How to use your equity

Written by in Buying

A hand with coins in it

When deciding whether or not to use your equity, the best thing to do is measure how the various options weigh up against your financial position. Will you use your equity to renovate your existing home, buy an investment property or diversify your assets through stocks and other investments (i.e. a business)? Once you weigh up the feasibility, risks and benefits of these options, you can then gauge whether or not you should take the next steps to borrow on your equity. What are the risks of borrowing on your equity? A financial advisor will be able to highlight what risks apply to your financial situation (i.e. whether you have a healthy balance of income vs. capital), but your cash flow and the state of the market are two major influences that can affect your ability to refinance using your equity.

Renovating your home

The main reason why you would choose to dedicate capital gains made towards renovating your home is to compound the value of your investment (your home), create further value to your home (for an upcoming sale) and to build wealth in the long term without being susceptible to the current state of the market.

Keeping your wealth within the home may make it easier for you to manage your finances and enjoy the benefits of compounding the capital gains made on your home in a time where the market may not be on your side.

Creating quick value to your home does depend on the nature of your renovations. Bathroom and kitchen renovations, as well as costmetic and minor updates to your home, can create immediate value to your home prior to you selling, but remember that the value you add gradually diminishes as those renovations age.

Building wealth in the long term through renovating usually involves larger renovation types (additional levels, extra rooms, landscaping, roof replacement or entire home renovations). This has the opportunity to open your home to buyers with larger budgets.

Buying an investment property

It is common to borrow on existing equity to finance an investment property. This may become harder in times when lenders tighten their belts and especially when the market shows signs of significant falls, yet it is still seen as the most feasible way to develop enough capital to invest in a property while still paying your initial mortgage.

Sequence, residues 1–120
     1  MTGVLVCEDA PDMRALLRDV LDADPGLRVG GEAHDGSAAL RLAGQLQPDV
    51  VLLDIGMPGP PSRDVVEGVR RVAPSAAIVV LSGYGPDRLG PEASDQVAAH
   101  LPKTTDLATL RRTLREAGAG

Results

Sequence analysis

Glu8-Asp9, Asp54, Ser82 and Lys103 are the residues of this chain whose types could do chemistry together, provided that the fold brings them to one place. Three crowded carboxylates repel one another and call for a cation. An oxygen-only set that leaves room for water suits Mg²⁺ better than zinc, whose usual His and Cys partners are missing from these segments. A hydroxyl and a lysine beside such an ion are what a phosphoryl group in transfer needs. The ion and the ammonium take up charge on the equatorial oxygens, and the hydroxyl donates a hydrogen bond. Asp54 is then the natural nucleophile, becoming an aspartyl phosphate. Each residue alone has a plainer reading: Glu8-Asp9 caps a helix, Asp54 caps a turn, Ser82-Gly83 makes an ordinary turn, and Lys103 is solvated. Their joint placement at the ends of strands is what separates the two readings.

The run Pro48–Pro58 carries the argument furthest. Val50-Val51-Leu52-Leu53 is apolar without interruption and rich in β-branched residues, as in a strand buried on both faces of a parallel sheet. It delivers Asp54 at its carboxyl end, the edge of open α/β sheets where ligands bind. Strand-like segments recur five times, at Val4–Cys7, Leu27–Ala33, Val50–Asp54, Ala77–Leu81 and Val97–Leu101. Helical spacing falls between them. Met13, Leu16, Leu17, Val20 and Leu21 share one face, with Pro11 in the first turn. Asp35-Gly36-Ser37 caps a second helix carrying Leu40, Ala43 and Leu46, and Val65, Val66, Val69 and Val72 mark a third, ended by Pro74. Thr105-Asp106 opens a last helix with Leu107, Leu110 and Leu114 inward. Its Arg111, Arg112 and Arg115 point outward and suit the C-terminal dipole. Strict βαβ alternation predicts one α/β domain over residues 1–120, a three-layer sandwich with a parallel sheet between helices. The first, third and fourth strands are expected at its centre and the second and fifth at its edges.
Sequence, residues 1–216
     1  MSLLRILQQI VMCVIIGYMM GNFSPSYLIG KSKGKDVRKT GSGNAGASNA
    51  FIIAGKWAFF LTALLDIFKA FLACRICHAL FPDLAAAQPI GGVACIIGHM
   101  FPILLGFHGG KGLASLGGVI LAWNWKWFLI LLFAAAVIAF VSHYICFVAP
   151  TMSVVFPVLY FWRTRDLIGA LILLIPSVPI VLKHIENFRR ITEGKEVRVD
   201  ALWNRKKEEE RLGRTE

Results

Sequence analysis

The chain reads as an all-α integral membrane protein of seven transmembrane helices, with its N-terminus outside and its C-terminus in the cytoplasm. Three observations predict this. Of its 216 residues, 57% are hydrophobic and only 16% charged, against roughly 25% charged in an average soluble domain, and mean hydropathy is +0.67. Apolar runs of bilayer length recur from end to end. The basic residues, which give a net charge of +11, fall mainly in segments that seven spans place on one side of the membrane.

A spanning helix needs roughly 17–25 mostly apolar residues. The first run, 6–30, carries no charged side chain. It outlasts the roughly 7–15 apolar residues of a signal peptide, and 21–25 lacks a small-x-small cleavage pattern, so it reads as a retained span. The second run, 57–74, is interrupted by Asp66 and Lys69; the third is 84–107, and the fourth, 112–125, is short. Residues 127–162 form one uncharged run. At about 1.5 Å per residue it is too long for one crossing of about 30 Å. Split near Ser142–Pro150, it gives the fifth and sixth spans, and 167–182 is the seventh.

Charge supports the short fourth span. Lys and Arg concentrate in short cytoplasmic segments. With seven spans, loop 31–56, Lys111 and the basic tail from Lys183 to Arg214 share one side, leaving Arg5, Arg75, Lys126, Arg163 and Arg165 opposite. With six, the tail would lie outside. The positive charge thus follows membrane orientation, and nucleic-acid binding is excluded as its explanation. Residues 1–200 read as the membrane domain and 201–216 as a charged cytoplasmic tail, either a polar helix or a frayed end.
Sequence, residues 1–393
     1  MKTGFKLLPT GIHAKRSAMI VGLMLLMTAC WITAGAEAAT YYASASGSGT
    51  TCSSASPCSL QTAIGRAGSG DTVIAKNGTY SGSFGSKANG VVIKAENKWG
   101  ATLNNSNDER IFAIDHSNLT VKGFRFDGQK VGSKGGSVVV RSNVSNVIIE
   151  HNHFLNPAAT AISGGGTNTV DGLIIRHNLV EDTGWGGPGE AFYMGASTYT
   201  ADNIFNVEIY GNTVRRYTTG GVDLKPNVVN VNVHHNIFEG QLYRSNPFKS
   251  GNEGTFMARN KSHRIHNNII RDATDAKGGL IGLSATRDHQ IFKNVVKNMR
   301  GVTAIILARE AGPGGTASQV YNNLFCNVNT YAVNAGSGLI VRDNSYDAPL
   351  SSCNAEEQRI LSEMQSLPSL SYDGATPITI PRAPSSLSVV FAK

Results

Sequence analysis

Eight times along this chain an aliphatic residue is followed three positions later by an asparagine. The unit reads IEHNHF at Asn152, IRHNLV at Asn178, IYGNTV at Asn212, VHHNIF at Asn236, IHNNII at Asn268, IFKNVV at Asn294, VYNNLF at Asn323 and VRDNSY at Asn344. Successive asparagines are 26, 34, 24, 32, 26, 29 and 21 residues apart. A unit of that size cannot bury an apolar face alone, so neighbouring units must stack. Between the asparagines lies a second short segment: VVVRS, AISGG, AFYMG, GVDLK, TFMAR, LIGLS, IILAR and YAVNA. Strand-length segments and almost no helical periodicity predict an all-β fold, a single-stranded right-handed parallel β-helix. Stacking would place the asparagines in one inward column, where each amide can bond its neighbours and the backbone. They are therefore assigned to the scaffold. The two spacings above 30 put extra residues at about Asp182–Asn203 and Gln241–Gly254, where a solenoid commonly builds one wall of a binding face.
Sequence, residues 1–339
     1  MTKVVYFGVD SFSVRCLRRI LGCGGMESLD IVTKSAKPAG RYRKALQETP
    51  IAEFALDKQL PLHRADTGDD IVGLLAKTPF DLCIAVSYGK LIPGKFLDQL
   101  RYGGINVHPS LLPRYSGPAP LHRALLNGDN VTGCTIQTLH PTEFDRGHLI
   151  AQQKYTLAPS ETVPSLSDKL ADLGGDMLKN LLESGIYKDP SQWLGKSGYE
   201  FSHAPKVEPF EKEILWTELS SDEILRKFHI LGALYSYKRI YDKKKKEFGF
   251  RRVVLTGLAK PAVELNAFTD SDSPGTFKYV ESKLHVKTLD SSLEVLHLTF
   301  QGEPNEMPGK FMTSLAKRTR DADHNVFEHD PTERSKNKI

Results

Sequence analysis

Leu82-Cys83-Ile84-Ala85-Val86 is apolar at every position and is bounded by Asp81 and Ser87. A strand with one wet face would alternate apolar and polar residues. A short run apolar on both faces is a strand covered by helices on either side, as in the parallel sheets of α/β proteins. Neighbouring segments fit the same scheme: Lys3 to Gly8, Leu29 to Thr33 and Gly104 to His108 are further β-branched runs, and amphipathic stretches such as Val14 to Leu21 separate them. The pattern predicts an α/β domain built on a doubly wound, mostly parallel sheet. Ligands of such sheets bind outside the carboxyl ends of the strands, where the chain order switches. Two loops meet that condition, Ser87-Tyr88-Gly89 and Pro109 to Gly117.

Using equity to invest in a second property comes with its pros and cons but the risks can be mitigated as long as you are aware of them and have a strong financial plan behind your investment. For instance, using equity to finance an investment property is one of the most common ways to accelerate the compounding of your wealth, but this comes with a significant risk of restricting your cash flow. You need to be aware of this and budget for it before trying to refinance. Understanding how your cash flow will be affected requires looking at the details of your budget, down to the nitty-gritty, and having a full understanding of the associated costs of investment properties.

If you do go down this road, make sure you approach it with the same level of research and caution you did with your first home. You are not investing in a home, but in a business, which means it can be a great idea to mock up a ‘business case’ for your investment, setting out your financial position, the state of the market, your expectations for growth and how you will approach the management of your investment (i.e. business). Looking at it this way will add extra weight to your decisions and even keep you from overextending yourself when it comes to purchasing an investment property.

Diversify your assets with your equity

One main advantage of using your equity to invest in stocks or other asset classes (such as a business) is that you don’t have to leverage so much of your equity but choose a smaller proportion on which to refinance. The other advantages lie in diversifying your asset base so as to include more liquid assets (such as stocks) rather than keeping all of your money tied up in your super and a home (which you can’t rely on to sell quickly if you suddenly need extra money in times of financial stress).

One way to still invest in property with equity but maintain the liquidity of your asset is to buy with friends or family. There are of course things you need to consider when buying a home with family or friends, but it may be easier for you to liquify your share of the property if it is split between more investors who also agree (within a contract) to collectively buy you out if you demonstrate a significant or urgent need for the equity held in your share.